(I’ll take any excuse to jam both “grok” and “shtik” into the same headline.)
Now and then I find myself saying that you can accept Catholic teaching on [whatever, usually about gay stuff somehow] without being persuaded by or caring much about natural law theory. E.g. in the book I say, “This book is not a theological treatise defending the Catholic Church’s teaching on sexuality. I admittedly don’t always understand that teaching, and I don’t think you need to understand every single element of a Church teaching in order to assent to its authority in your life. And you certainly don’t need to accept any one school of theology–such as natural law–in order to accept and live by the Catholic ideal of chastity. If you do want to explore the reasoning and scriptural interpretation that shape the Church’s teaching, I’ve included some reading recommendations in appendix one, but you really don’t have to spend a lot of time on this stuff if you don’t want to.” (emphasis added)
A couple people have been confused by this, and that’s my fault. A helpful person on Twitter pointed out that the Catechism uses the term “natural law” to mean something inherent in all people, not a specific theological school. So my using this example is really confusing. Let me clarify here.
When I’ve been using the term “natural law” I’ve been using it to designate a school or style of philosophical/theological argument based on reasoning from first-principle goods to specific moral or political outcomes, in ways which attempt to be accessible to non-Christians.
So think of the sentence, “In this article, Robert P. George offers a natural-law argument against same-sex marriage.” That distinguishes George’s school of argument from e.g. a theology of the body argument. I’d expect George to talk about the purposes of sex and the sex organs, but not to rely on Scripture, whereas I’d expect a theology of the body argument for the same conclusion to invoke Genesis and discuss the “nuptial meaning of the body.”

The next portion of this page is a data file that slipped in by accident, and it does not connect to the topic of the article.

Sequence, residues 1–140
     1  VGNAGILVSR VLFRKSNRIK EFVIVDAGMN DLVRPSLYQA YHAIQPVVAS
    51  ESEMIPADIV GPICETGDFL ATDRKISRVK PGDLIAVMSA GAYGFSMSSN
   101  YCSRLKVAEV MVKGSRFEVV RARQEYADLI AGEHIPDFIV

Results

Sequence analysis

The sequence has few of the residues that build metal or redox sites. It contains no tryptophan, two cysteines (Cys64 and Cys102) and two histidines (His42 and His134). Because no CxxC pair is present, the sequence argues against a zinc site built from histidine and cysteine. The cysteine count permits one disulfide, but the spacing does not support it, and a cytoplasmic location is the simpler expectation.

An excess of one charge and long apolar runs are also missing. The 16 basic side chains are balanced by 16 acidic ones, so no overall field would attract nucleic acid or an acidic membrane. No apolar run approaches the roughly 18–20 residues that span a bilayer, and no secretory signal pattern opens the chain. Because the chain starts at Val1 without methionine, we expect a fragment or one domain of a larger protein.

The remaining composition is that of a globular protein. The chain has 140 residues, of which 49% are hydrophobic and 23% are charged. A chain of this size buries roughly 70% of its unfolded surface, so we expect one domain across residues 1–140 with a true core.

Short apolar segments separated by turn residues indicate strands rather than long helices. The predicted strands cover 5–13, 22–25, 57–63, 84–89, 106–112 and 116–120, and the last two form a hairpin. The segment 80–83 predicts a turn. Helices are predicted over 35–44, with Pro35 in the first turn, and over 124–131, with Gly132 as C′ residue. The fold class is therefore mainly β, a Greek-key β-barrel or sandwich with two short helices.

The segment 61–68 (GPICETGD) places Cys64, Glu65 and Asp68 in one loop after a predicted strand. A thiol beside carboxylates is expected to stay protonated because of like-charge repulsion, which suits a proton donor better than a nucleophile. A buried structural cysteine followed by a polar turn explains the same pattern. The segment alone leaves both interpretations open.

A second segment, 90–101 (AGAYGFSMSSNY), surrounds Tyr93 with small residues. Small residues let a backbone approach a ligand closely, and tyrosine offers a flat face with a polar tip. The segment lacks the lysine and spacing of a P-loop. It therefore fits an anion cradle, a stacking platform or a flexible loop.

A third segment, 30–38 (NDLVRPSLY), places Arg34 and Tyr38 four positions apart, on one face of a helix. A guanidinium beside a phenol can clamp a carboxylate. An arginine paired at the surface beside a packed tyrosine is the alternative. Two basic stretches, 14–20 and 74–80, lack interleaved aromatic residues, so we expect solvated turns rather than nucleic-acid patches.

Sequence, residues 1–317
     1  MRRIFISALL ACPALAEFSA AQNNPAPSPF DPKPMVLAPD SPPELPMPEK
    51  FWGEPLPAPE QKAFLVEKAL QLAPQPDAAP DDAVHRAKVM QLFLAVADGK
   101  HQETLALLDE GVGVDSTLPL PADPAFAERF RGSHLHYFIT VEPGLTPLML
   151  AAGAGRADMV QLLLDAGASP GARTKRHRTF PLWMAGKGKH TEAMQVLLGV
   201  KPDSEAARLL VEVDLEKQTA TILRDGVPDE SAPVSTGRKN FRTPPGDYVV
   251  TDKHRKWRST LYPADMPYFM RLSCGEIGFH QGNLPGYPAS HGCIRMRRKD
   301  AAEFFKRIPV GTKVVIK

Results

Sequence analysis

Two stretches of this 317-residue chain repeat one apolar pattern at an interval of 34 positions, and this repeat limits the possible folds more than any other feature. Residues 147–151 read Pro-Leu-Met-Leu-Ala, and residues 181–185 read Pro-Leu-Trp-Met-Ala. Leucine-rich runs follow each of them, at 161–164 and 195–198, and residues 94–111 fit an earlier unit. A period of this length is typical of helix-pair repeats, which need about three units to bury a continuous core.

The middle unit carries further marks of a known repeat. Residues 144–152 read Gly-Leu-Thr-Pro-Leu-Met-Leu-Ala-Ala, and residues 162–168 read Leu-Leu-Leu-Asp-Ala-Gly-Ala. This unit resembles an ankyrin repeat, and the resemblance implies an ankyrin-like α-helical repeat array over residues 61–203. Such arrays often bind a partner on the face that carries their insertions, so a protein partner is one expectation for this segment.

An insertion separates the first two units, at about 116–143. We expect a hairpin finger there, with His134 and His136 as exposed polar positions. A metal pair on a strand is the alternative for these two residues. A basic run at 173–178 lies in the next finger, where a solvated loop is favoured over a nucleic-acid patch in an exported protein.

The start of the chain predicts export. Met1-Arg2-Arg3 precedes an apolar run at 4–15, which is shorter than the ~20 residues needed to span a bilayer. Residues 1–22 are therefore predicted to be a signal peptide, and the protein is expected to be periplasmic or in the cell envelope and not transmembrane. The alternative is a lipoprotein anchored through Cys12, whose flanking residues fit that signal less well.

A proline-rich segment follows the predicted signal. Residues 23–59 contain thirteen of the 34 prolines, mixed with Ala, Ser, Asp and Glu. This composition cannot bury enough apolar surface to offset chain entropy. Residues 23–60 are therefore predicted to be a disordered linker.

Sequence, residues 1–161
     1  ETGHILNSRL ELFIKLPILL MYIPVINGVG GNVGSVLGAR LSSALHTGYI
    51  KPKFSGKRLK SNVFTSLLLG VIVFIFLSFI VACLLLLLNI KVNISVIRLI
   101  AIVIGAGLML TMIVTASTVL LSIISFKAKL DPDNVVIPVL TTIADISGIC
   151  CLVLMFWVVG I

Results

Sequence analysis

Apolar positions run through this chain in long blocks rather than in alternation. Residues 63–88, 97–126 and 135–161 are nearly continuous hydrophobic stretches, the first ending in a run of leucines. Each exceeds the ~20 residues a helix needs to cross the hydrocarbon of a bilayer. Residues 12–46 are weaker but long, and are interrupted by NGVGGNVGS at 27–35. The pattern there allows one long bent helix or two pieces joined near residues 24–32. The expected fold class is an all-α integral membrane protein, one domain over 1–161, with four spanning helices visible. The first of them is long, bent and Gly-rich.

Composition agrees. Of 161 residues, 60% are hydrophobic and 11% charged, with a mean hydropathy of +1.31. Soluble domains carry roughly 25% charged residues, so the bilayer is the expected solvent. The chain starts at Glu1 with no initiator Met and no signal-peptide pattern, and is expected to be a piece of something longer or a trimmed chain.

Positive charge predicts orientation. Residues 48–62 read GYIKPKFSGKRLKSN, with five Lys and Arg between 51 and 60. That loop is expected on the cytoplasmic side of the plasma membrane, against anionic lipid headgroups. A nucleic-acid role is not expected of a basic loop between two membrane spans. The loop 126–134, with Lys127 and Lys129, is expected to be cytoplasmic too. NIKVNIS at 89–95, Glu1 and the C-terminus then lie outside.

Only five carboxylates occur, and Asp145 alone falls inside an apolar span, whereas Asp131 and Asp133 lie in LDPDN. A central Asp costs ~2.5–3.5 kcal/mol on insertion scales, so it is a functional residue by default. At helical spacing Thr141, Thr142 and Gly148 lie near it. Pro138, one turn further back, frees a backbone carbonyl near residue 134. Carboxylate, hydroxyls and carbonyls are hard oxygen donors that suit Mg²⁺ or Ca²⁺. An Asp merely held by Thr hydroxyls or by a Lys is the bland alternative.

As you can see, this is different from the Catechism’s use of the term, which is much broader. I completely forgot that the Catechism uses “natural law” (e.g. here) to mean something more like “our desire for God and our recognition that other people are equal to ourselves, which culture can obscure but which nonetheless remain written on our hearts.” In this sense the natural law is real and beautiful: It’s what allows the Spartan, however fleetingly, to recognize himself in the face of the helot–or the American to see the unborn child as someone like herself. It’s what makes humility possible even in cultures that despise humility.
If I’d remembered this I would have used a completely different example–I would have said, e.g., “You don’t have to be an adherent of the theology of the body to accept [Church teaching on marriage, or whatever].”